Henry Warren Ogden
|U.S. Representative from Louisiana's 4th congressional district|
May 12, 1894 – March 3, 1899
|Preceded by||Newton C. Blanchard|
|Succeeded by||Phanor Breazeale|
|Louisiana State Representative from Bossier Parish|
|Preceded by||John C. Vance|
|Succeeded by||Robert Houston Curry|
|Speaker of the Louisiana House of Representatives|
|Preceded by||Robert N. Ogden, Jr.|
|Succeeded by||Samuel P. Henry|
|Member of the Louisiana House of Representatives|
|Born||October 21, 1842|
|Died||July 23, 1905 (aged 62)|
Benton, Bossier Parish
|Allegiance||Confederate States of America|
|Branch/service||Confederate States Army|
|Battles/wars||American Civil War|
Henry Warren Ogden (October 21, 1842 – July 23, 1905) was a member of the United States House of Representatives for Louisiana's 4th congressional district.
He was born in Abingdon in Washington County in far southwestern Virginia. In 1851, he moved with his parents to Warrensburg in Johnson County in west central Missouri, where he attended common schools.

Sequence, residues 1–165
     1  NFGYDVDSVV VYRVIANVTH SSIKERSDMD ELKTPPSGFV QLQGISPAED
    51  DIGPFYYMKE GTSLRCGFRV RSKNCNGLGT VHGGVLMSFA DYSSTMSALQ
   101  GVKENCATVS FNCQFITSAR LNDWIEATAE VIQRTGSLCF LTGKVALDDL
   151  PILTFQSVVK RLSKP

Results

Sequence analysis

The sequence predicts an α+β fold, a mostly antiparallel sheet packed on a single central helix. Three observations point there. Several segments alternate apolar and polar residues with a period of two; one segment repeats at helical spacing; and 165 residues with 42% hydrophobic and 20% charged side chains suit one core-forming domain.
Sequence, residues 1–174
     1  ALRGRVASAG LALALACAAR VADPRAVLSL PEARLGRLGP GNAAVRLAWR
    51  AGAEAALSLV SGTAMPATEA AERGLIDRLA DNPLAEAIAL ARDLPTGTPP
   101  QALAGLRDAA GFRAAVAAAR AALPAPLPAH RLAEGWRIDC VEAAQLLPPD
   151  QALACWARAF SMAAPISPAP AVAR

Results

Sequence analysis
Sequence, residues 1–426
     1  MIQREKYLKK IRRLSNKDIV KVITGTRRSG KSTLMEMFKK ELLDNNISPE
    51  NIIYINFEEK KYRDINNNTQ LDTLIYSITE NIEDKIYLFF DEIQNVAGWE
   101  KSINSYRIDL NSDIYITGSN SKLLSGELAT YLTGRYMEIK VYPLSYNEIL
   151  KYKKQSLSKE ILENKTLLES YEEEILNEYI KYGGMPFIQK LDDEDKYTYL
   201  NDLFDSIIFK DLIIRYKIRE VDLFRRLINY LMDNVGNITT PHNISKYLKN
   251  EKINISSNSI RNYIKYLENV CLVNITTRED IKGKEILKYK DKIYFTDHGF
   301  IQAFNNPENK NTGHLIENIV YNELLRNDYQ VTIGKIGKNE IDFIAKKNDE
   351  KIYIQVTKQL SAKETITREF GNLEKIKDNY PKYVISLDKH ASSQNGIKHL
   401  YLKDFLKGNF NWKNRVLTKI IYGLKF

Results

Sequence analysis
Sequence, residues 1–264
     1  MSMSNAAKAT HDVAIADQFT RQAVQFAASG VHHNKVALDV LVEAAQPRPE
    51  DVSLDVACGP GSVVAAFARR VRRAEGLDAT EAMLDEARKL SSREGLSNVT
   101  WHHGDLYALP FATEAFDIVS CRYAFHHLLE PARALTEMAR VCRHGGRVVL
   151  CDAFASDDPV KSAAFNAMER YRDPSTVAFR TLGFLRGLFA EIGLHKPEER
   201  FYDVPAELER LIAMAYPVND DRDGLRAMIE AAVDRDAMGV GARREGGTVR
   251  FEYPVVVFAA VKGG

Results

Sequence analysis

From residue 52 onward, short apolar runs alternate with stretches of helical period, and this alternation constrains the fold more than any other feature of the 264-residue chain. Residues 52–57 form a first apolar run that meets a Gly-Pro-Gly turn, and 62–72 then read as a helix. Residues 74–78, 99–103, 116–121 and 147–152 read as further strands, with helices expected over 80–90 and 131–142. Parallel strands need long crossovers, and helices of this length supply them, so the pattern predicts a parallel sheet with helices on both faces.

During the American Civil War, he joined the Confederate States of America Army, despite living in a state that had remained within the Union. He rose to the rank of lieutenant. Ogden was a first lieutenant of Company D, Sixteenth Regiment, Missouri Infantry, and afterward on the staff of Brigadier General Lewis, Second Brigade, Parsons’ division, Missouri Infantry. He was captured and held for one year as a prisoner of war. On June 8, 1865, he was paroled at Shreveport in Caddo Parish in northwestern Louisiana. There he remained and became a wealthy planter in adjacent Bossier Parish.
In 1879, Ogden was a member of the Louisiana constitutional convention and was elected to the Louisiana House of Representatives from Bossier Parish. He was the Speaker from 1884 to 1888. In 1894, he won a special election as a Democrat to the United States House of Representatives. The vacancy was created by the resignation of Newton C. Blanchard. Ogden was reelected to the Fifty-fourth and Fifty-fifth Congresses, having served from May 12, 1894, to March 3, 1899. He left Congress in 1899 to return to his farm and died six years later in Benton, the Bossier Parish seat of government.